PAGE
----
Nelson Chamisa, the prominent opposition figure in Zimbabwe for the past five years, recently resigned from the Citizen Coalition for Change (CCC), a party he founded exactly two years ago.
The tumultuous events leading to his departure included political intrigues, a lack of conventional structures within the CCC, and a controversial internal candidate selection process for the August 2023 harmonised elections.
The CCC, born in January 2022, operated without established structures or founding documents, setting the stage for its eventual implosion post-general elections on August 23-24.
A faction led by Mr. Sengezo Tshabangu executed a series of recalls, backed by judiciary rulings that seemingly handed Tshabangu control of the party.
Chamisa’s subsequent 13-page resignation document, citing the CCC as ‘contaminated,’ left many wondering whether this move was a strategic maneuver or a surrender. In this article, I offer my opinion on part of the problem and what it means.
The Core Issue: Power and Control
The formation of the CCC can be traced back to the internal upheaval within the MDC Alliance, which was under the leadership of Nelson Chamisa from 2018-2020. The underlying issue that continues to plague Zimbabwean opposition politics is the persistent battle for power and control.
Contemporary mainstream opposition, rather than being anchored in robust institutions and defined rules, predominantly revolves around electoral success and the sway of public opinion, presenting a serious challenge.
Ahead of the 2023 general election the CCC, shaped around the charismatic appeal of Chamisa, lacked a cohesive strategy to address the potential ramifications of electoral setbacks. Absence of a shared roadmap in the face of adversity rendered the CCC susceptible to internal discord and fragmentation.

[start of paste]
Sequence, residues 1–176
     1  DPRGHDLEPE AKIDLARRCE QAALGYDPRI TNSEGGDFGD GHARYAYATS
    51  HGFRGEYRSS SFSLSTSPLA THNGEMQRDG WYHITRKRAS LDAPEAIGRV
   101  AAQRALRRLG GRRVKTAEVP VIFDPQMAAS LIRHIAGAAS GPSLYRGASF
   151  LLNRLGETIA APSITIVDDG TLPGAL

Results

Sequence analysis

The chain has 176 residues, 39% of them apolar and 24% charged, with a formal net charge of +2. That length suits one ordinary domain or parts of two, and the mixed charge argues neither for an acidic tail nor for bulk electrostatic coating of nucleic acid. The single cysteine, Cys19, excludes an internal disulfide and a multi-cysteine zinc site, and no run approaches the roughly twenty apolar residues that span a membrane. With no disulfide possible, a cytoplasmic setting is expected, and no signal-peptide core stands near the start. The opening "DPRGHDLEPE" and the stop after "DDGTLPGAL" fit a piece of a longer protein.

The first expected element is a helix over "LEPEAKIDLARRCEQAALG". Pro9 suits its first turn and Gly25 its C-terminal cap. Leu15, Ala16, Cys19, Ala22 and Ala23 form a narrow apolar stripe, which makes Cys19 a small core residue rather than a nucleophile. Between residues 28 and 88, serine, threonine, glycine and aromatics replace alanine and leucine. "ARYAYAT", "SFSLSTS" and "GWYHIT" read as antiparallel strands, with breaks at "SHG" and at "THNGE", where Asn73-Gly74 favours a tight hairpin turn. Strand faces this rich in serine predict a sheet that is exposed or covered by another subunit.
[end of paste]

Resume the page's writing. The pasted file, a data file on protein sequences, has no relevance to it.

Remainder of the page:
Without a solid framework to navigate the intricacies of power dynamics, the party found itself exposed to internal conflicts, emphasizing the pressing need for a more structured and resilient approach to opposition politics in Zimbabwe.
Distant or Indifferent Chamisa?
The conspicuous lack of involvement in the internal tribulations of the CCC by Nelson Chamisa was not merely a post-resignation revelation; it manifested well before the formal announcement of his departure.
Rather than immersing himself in the legal battles that besieged the party, Chamisa opted for a hands-off approach, delegating the responsibility to others. This deliberate choice to distance himself from the intricacies of internal strife served as an early indicator of a growing disconnection.
Beyond his disinterest in legal proceedings, Chamisa’s aloofness extended to a notable absence of coordination with the elected representatives within the party. The echoes of this disconnection reverberated through the ranks, leaving a palpable sense of discord.
The public revelation of his resignation, in essence, aligned seamlessly with his privately held disposition. It served as a confirmation of a protracted period during which Chamisa gradually withdrew his investments, both emotionally and strategically, from the internal disputes plaguing the party.
This unraveling of connection raises questions about the leadership dynamics within CCC and adds a layer of complexity to the broader narrative surrounding Chamisa’s role in Zimbabwean opposition politics.